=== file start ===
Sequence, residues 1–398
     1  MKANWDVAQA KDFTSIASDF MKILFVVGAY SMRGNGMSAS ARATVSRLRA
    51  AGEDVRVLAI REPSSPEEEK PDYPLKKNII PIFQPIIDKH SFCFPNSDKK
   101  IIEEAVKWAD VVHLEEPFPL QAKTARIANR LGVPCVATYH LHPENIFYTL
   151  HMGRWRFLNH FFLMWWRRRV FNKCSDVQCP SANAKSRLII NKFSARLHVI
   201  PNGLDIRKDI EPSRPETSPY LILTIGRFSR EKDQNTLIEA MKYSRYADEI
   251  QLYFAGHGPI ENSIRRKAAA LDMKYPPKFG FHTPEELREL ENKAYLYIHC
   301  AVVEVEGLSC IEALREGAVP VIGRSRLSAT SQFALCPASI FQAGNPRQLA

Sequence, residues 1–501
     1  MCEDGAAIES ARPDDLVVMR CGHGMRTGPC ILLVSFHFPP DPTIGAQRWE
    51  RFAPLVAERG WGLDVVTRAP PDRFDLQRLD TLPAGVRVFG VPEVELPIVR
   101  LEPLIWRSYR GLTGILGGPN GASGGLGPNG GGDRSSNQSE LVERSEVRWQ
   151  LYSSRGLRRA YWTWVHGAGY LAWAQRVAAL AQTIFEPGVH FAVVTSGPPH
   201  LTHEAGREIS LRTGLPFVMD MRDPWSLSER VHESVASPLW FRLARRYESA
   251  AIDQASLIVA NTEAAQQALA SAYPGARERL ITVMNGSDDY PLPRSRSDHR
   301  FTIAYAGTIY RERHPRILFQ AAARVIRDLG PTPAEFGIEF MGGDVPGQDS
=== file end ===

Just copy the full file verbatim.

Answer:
Sequence, residues 1–398
     1  MKANWDVAQA KDFTSIASDF MKILFVVGAY SMRGNGMSAS ARATVSRLRA
    51  AGEDVRVLAI REPSSPEEEK PDYPLKKNII PIFQPIIDKH SFCFPNSDKK
   101  IIEEAVKWAD VVHLEEPFPL QAKTARIANR LGVPCVATYH LHPENIFYTL
   151  HMGRWRFLNH FFLMWWRRRV FNKCSDVQCP SANAKSRLII NKFSARLHVI
   201  PNGLDIRKDI EPSRPETSPY LILTIGRFSR EKDQNTLIEA MKYSRYADEI
   251  QLYFAGHGPI ENSIRRKAAA LDMKYPPKFG FHTPEELREL ENKAYLYIHC
   301  AVVEVEGLSC IEALREGAVP VIGRSRLSAT SQFALCPASI FQAGNPRQLA

Sequence, residues 1–501
     1  MCEDGAAIES ARPDDLVVMR CGHGMRTGPC ILLVSFHFPP DPTIGAQRWE
    51  RFAPLVAERG WGLDVVTRAP PDRFDLQRLD TLPAGVRVFG VPEVELPIVR
   101  LEPLIWRSYR GLTGILGGPN GASGGLGPNG GGDRSSNQSE LVERSEVRWQ
   151  LYSSRGLRRA YWTWVHGAGY LAWAQRVAAL AQTIFEPGVH FAVVTSGPPH
   201  LTHEAGREIS LRTGLPFVMD MRDPWSLSER VHESVASPLW FRLARRYESA
   251  AIDQASLIVA NTEAAQQALA SAYPGARERL ITVMNGSDDY PLPRSRSDHR
   301  FTIAYAGTIY RERHPRILFQ AAARVIRDLG PTPAEFGIEF MGGDVPGQDS